Brace for new wave of oil price hikes

Published January 9, 2022, 10:10 PM

by Myrna M. Velasco

For the second round this January, Filipino consumers will need to shell out higher budgets for their fuel consumption next week as pump prices are anticipated to go up again, based on the initial calculation of the oil companies.

Oil pumps

According to the industry players, gasoline prices are estimated to go up by P0.70 to P0.80 per liter while diesel prices will have heftier upward adjustment of P0.85 to P0.95 per liter.

For kerosene, which is a base for aviation fuel, price hike has been calculated at the scale of P0.80 to P0.90 per liter, as reckoned from the outcome of trading in the world market last week.

The oil firms will be adjusting their prices on Tuesday, Jan. 11, and that will be reckoned on the cost swings of the Mean of Platts Singapore (MOPS), the pricing barometer adopted by the deregulated downstream oil industry in pricing their commodities at the pumps.

According to the Department of Energy, the new wave of price hikes would still be due to the escalation of world oil prices, and the aggravating factor is the depreciation of the Philippine peso versus the US dollar.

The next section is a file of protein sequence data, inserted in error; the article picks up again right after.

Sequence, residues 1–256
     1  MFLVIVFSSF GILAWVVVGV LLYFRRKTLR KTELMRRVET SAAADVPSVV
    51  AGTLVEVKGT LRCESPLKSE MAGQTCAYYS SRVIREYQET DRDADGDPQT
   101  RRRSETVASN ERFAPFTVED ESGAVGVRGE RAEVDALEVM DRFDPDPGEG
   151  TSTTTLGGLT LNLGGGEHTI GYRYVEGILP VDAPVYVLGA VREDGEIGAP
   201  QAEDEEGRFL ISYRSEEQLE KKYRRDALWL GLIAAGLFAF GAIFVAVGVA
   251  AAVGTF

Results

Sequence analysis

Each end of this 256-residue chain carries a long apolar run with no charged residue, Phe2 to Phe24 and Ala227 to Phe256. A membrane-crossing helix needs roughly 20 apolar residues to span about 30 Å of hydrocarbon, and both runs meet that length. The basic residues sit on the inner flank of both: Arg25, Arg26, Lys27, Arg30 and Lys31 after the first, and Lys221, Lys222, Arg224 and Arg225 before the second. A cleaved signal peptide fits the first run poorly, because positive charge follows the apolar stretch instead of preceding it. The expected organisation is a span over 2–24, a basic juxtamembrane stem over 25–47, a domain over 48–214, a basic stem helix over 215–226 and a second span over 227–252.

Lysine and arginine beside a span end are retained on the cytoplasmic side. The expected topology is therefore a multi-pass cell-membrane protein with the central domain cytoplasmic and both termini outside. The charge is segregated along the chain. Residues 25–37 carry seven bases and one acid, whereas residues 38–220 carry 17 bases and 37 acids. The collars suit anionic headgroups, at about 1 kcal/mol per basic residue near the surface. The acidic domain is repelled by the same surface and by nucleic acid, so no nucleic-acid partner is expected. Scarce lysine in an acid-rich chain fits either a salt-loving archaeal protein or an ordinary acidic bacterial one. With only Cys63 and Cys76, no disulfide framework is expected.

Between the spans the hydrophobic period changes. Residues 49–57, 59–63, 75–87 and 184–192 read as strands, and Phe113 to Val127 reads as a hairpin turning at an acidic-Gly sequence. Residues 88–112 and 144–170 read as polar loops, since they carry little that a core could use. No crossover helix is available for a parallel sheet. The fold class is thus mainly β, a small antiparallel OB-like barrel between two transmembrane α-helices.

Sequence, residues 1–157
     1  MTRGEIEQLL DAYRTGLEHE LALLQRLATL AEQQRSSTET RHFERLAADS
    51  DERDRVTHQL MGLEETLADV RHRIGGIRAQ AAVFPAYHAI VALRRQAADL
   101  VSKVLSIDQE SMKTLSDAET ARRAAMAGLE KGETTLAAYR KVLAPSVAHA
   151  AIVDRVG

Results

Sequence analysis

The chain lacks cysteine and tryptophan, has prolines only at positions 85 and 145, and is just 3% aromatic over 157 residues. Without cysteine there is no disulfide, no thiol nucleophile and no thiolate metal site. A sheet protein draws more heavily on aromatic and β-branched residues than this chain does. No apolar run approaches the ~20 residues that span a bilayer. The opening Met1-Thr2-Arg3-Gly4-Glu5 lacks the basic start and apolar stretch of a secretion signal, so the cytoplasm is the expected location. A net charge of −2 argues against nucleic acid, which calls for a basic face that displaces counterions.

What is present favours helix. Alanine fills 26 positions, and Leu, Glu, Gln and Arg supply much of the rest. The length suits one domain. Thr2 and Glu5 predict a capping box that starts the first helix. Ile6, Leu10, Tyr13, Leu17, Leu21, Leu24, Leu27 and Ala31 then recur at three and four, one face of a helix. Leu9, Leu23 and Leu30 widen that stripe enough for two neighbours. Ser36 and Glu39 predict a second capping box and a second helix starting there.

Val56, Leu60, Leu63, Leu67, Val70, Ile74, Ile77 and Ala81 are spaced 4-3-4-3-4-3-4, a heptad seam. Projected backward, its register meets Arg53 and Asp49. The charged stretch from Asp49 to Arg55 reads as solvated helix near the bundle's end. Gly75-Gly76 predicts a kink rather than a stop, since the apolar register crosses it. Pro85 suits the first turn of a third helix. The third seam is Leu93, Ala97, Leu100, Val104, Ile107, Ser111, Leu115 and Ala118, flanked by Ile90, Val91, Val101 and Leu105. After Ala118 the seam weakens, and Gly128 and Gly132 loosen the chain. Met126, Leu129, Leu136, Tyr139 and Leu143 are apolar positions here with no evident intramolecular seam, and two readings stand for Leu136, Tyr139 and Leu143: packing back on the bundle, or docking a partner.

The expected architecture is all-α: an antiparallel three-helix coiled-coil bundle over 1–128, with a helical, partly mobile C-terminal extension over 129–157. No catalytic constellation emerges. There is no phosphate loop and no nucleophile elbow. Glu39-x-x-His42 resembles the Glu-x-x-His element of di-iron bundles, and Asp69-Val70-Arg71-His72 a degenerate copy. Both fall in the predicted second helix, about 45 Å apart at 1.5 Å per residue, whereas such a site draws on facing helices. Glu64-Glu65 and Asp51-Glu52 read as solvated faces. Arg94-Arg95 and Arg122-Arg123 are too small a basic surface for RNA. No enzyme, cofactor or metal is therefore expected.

As of Jan. 7 trading, international benchmark Brent crude surged past $81 per barrel again while Dubai crude, which is the pricing yardstick for Asian markets, had been inching very close to $80 per barrel.

Despite the very high rate of infection triggered by the COVID-19 Omicron variant, government leaderships around the world opted not to enforce tight restrictions on mobility, hence, oil demand were still seen ticking up.

Geopolitical factors, such as protests in oil-producing Kazakhstan as well as the political impasse in Libya, had been noted by international experts as contributing elements to the rising prices in the world market.

There are also assumptions that the stagnating production of Russia, being a major ally-producer of the Organization of the Petroleum Exporting Countries (OPEC), has been aggravating supply constraints that in turn have been pushing oil prices higher.

In the Philippines, the struggle of motorists – primarily the public transport sector – is still focused on swaying government to temporarily suspend the imposition of excise taxes on petroleum products.

 
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